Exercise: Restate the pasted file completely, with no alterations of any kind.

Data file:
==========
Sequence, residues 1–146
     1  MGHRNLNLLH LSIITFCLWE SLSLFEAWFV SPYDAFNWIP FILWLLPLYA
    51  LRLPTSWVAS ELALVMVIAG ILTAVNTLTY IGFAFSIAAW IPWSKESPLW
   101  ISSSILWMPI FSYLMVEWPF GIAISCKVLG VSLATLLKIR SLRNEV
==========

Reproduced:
Sequence, residues 1–146
     1  MGHRNLNLLH LSIITFCLWE SLSLFEAWFV SPYDAFNWIP FILWLLPLYA
    51  LRLPTSWVAS ELALVMVIAG ILTAVNTLTY IGFAFSIAAW IPWSKESPLW
   101  ISSSILWMPI FSYLMVEWPF GIAISCKVLG VSLATLLKIR SLRNEV